Another character feeling the heat of dissonance of moral ambiguity is Mercer (Michael James Shaw), the imposing general of the Commonwealth's security force. "In these final eight, Mercer’s kind of been knocked off his moral compass and he has a lot to grapple with," Shaw teases. "I think he's in a place of doubt, trying to find strength in this moment."
He continues: "It's kind of like if you have some really good sherbert and your fridge breaks down and you have no other way to keep it cool. It starts to deteriorate and melt and the things that made him who he is are slowly fading away. He has to find another way to find courage within himself. The old thing is not working anymore. You can't just sit by and watch things happen, you have to take action in another way. And he's figuring that out. Hopefully, he does it in time."
Long-haulers like Aaron are "just kind of grasping and reaching for a leg of hope," says Ross Marquand. "He's really concerned with making sure that the sustainability of his community is intact. But now that Lance has reneged on several of his promises, he's bewildered. I think Aaron and most of the survivors are just all very concerned about the future of what's going to happen to their communities."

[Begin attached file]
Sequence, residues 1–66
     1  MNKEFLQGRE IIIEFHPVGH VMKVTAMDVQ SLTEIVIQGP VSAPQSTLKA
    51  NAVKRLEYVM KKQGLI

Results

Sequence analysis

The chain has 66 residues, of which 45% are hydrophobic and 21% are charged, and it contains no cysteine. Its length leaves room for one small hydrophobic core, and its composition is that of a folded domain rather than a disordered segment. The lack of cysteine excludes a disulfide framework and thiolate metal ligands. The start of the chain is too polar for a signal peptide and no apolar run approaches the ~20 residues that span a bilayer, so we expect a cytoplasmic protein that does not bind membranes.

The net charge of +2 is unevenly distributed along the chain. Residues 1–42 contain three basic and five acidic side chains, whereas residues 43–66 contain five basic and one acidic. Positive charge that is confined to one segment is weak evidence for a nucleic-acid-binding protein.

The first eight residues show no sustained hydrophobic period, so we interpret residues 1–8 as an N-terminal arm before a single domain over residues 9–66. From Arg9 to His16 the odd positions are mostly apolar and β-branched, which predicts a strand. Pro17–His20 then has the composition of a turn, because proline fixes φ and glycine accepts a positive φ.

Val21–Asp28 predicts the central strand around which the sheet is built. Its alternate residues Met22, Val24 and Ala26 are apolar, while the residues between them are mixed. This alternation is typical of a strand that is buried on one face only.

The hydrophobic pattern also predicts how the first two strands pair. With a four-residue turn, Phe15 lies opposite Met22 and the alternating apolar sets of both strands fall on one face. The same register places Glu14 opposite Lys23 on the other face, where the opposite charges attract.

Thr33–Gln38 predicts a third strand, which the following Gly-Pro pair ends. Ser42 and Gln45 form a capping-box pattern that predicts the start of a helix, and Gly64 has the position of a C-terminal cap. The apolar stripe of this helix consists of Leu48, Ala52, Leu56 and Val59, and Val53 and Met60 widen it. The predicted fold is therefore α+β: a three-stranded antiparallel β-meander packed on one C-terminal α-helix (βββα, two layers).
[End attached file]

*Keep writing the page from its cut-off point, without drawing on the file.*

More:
In the trailer released at San Diego Comic-Con, Aaron sounds the alarm on what fans have dubbed "smart" zombies. When we ask what to expect from this disconcerting development, Marquand quips, "They can fly now. It’s really nuts. No, no, no. Actually, what we meant by 'smart zombies,’ is that they’re wifi compatible now. You can get them charged up with a wireless Bluetooth device. You're gonna love it."
Father Gabriel, on the other hand, begins the final episodes rocking "some nice new threads," promises Seth Gilliam. "I think he’s settled into the idea of civilization again and the possibilities thereof — like the creature comforts that go with it. As is the nature of the world of The Walking Dead, some horrible sh** is bound to go down. I think Father Gabriel is, at this point, is down for anything, man. Boogie down for whatever..."
The Walking Dead returns to AMC this Sunday — Oct. 2 — at 9 p.m. Eastern. The first two episodes will be available to stream on AMC+ the same night.
If you're looking to satisfy your zombie craving immediately, head over to Peacock and check out the movie that kickstarted the entire genre: George A. Romero's Night of the Living Dead. Or check out the SYFY original series, Day of the Dead.